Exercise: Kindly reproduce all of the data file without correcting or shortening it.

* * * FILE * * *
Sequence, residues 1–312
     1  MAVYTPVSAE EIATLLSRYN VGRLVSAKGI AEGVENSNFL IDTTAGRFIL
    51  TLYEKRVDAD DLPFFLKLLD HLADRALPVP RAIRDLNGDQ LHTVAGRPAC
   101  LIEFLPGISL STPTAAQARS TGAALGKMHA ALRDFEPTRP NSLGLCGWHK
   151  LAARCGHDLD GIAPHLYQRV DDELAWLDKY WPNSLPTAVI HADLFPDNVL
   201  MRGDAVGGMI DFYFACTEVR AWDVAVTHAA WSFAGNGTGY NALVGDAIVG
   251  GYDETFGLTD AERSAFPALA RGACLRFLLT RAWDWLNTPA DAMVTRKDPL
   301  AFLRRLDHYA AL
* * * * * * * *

Sequence, residues 1–312
     1  MAVYTPVSAE EIATLLSRYN VGRLVSAKGI AEGVENSNFL IDTTAGRFIL
    51  TLYEKRVDAD DLPFFLKLLD HLADRALPVP RAIRDLNGDQ LHTVAGRPAC
   101  LIEFLPGISL STPTAAQARS TGAALGKMHA ALRDFEPTRP NSLGLCGWHK
   151  LAARCGHDLD GIAPHLYQRV DDELAWLDKY WPNSLPTAVI HADLFPDNVL
   201  MRGDAVGGMI DFYFACTEVR AWDVAVTHAA WSFAGNGTGY NALVGDAIVG
   251  GYDETFGLTD AERSAFPALA RGACLRFLLT RAWDWLNTPA DAMVTRKDPL
   301  AFLRRLDHYA AL